The 10-year old’s string chamber orchestra group played this evening at a Senior Nursing and Rehabilitation Facility. Around 30 little musicians played to about the same number of 75+ year olds, most of whom were quietly seated on their wheelchairs – with a few talking to each other. I chatted with the friendly old lady in the orange sweater who was sitting next to me. She inquired about my kids, and seemed genuinely pleased that the children were there to perform and to entertain her and her fellow residents. I wanted to ask her in return about her family, but wasn’t sure what the right questions were. I asked about her day instead and whether she had had dinner already. She asked me about my kids again. The exact same questions that she had asked me just a couple of minutes earlier. With the same level of genuine interest. Man, it hit me then. Old age is such a b&%$h.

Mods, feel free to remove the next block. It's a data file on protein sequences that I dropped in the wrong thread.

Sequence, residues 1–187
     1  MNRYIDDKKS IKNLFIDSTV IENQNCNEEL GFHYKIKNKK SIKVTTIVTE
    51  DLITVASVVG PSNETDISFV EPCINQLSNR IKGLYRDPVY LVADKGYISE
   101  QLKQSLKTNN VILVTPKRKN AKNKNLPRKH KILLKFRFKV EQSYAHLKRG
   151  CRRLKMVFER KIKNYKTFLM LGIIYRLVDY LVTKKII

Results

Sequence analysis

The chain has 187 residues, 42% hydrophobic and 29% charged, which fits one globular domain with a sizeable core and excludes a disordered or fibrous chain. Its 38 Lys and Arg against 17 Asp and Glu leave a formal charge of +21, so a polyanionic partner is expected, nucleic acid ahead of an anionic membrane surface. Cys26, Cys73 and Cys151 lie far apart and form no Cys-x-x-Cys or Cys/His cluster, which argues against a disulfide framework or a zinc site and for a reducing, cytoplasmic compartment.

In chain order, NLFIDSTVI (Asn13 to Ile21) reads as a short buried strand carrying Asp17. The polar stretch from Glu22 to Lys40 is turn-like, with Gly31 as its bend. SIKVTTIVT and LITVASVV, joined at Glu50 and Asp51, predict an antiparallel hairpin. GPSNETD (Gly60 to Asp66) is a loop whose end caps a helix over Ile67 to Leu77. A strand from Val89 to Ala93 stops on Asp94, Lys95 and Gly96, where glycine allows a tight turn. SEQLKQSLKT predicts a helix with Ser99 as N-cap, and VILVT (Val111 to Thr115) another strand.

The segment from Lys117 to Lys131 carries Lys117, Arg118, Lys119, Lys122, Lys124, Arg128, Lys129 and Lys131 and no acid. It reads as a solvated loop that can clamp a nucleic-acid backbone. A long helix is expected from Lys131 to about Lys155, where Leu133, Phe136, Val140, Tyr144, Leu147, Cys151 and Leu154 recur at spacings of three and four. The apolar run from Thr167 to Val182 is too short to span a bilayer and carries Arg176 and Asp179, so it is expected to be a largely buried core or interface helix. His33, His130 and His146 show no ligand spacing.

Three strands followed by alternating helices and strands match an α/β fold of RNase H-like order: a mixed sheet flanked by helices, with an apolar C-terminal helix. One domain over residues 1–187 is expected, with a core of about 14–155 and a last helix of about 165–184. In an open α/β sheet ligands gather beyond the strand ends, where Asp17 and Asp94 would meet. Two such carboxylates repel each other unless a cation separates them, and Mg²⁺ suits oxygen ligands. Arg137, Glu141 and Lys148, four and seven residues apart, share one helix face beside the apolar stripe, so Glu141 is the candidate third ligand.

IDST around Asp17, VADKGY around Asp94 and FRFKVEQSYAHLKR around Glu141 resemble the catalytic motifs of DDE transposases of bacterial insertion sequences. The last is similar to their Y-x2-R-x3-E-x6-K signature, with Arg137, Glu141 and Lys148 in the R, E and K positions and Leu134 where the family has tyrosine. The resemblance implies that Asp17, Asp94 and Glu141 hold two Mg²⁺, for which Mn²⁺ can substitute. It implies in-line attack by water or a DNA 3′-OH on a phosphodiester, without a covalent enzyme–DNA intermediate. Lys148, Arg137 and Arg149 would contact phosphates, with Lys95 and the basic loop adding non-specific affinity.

The performance itself was lovely. I have heard these exact same pieces played at other school concerts held earlier in the year. But, somehow, the music felt special tonight. The kids played beautifully, with quiet composure, as compared to the almost party like atmosphere typical of the usual school concerts.
The performance ended all too soon. The lady that I was chatting with bid me goodbye with good wishes for me and mine. She advised me to encourage my kids to keep up their music, and said that she hoped that my kids were as nice as their charming mother. I felt v. blessed.
I found myself again wanting to ask her about her family. Hoping to hear that they keep her in good cheer by visiting her often. And that she was only at rehab for a short time, and was going home soon. But, again, I was at a loss for words (which doesn’t happen that often with me).
So, I merely thanked her for her good wishes, and bid her goodnight.